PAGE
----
[all] Dangerous trend toward too many release-independent components
zigo at debian.org
Tue Sep 7 09:09:45 UTC 2021
As I'm packaging Xena in Debian, I've seen more and more components
switching to release-independent. This poses a number of problems which
I'm really unsure how to address. Let me explain.
First of all, once an OpenStack release reaches a distribution stable
release, there will be no update of it (ie: no new upstream release),
unless there's a security problems, or important bugfixes that cannot be
backported individually. At least, that's how Debian works, and why we
call our suite "stable" (ie: it doesn't change).
However, if a component is declared release-independent, the OpenStack
community expects it to be updated for all downward releases. But that's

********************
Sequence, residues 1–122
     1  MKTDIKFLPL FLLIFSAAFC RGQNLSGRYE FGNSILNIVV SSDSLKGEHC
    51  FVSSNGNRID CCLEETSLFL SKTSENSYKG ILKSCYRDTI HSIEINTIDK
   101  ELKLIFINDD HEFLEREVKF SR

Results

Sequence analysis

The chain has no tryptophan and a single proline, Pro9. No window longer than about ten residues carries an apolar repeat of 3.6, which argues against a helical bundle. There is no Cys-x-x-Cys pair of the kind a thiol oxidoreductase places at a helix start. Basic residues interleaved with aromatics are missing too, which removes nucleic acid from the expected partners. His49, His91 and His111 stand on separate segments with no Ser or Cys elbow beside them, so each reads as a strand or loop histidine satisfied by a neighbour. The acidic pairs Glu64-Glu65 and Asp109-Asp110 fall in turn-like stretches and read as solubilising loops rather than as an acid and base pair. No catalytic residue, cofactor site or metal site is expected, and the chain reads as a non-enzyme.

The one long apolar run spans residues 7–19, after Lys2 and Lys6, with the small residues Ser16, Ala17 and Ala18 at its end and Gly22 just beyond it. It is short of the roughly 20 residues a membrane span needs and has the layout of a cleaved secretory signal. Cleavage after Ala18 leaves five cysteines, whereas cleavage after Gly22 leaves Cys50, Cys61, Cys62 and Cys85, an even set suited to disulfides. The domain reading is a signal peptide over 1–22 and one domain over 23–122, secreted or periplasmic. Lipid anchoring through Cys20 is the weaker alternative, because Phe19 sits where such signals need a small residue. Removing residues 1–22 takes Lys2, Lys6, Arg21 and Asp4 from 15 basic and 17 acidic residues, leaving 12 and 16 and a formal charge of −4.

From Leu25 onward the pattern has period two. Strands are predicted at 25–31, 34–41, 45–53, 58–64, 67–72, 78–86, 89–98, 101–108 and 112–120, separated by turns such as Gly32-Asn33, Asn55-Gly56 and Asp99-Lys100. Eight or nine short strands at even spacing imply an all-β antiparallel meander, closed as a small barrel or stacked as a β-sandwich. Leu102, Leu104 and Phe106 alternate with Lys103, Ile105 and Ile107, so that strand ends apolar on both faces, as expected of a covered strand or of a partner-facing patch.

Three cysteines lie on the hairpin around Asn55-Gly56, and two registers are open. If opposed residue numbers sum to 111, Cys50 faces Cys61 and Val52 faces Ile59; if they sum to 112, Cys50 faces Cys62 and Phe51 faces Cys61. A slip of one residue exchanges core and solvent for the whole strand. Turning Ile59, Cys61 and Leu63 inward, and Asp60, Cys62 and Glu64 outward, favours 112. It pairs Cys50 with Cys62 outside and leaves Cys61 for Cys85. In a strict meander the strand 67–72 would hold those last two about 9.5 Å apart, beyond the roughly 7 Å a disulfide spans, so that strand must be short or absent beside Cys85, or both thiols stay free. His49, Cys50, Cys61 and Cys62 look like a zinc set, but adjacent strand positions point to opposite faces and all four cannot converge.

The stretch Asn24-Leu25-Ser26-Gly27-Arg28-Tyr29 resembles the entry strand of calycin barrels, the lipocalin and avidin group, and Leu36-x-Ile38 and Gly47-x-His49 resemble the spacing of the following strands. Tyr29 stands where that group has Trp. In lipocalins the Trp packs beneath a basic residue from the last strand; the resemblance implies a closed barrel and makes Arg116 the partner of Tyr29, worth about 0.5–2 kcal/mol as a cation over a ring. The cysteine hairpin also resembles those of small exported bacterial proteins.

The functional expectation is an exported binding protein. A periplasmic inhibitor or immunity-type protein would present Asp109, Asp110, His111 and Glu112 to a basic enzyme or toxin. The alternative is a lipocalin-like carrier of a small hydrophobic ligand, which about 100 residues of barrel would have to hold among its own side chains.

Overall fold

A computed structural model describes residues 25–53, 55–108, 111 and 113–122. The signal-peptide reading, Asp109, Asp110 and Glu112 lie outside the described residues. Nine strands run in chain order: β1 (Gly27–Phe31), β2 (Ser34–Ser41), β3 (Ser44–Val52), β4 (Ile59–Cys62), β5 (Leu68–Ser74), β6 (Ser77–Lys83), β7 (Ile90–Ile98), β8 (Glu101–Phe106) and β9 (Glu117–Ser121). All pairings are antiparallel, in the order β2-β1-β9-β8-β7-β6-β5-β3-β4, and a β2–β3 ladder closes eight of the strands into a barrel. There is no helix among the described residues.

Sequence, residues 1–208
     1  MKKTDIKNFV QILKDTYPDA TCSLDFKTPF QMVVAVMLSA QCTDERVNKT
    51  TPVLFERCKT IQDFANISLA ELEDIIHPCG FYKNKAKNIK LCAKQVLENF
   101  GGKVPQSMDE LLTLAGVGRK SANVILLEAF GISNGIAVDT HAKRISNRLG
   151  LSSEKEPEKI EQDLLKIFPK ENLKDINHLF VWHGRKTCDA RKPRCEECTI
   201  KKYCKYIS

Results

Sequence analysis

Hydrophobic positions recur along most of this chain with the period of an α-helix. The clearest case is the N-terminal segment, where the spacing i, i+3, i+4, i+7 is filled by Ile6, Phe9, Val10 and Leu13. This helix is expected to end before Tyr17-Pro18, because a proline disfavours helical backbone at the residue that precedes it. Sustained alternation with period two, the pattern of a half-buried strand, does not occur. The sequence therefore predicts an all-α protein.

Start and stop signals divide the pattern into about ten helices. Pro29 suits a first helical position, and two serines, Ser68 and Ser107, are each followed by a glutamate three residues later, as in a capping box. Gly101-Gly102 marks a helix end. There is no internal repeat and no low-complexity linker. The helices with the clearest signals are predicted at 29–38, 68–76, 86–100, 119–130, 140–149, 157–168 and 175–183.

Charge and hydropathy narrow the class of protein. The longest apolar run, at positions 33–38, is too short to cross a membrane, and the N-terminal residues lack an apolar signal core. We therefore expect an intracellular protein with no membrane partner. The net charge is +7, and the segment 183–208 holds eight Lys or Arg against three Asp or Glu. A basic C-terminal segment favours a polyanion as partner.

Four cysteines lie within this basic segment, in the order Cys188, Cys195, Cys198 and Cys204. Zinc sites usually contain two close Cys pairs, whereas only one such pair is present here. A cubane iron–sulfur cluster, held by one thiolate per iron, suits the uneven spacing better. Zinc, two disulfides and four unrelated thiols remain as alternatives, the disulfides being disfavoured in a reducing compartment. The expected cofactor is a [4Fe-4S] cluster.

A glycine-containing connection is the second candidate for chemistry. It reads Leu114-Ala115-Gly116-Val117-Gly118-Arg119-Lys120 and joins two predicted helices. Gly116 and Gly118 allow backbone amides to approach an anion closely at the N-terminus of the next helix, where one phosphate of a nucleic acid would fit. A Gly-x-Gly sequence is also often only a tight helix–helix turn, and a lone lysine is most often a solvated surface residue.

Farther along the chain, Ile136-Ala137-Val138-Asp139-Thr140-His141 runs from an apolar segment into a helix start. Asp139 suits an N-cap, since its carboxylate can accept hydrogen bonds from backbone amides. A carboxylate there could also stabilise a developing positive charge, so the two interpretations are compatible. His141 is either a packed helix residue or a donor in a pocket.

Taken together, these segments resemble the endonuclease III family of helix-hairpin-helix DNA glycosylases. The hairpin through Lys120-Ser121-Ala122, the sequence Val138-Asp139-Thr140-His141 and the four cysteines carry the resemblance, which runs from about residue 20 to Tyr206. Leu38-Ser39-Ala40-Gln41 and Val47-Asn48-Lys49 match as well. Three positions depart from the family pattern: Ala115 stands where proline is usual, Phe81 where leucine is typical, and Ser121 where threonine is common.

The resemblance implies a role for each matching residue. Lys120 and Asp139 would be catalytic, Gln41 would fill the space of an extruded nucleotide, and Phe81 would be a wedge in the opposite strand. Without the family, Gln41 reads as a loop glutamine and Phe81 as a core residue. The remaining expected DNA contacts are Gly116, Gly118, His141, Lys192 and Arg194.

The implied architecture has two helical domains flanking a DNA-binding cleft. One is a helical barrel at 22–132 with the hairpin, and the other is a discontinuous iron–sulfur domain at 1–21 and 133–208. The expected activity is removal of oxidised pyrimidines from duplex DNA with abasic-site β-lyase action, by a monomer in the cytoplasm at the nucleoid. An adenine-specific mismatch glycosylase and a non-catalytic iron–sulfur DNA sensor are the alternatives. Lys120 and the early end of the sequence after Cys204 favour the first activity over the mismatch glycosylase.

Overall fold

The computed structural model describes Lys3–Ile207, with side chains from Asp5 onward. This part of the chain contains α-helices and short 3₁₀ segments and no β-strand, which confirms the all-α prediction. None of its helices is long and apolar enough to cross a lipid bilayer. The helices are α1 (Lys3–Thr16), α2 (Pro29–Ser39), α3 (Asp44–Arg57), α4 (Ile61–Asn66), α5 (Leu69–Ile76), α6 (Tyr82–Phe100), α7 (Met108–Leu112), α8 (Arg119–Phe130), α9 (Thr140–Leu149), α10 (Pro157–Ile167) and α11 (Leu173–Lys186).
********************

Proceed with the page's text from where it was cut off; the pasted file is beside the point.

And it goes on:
not what's going on in reality. Also, if there's a security fix, we're
supposed to get this through an update of a new version, which may
include changes not suitable for a distribution update. The danger is
that the update may be refused by the Debian Stable release team, for
very good reasons (which I agree on).
I'm also questioning myself: since we have pinned global requirements,
will these new updates be included in the tests of older OpenStack
releases? Is this really the case right now?
So, while I do understand why it's nicer to set release-independent tags
on some components, it is my opinion that this doesn't help stability
and poses numerous problems to downstream distributions.
Could we limit the number of such release-independent released
components to the strict minimum low-profile (ie: with the least amount
of code) components, rather than constantly increasing the list?
Thomas Goirand (zigo)
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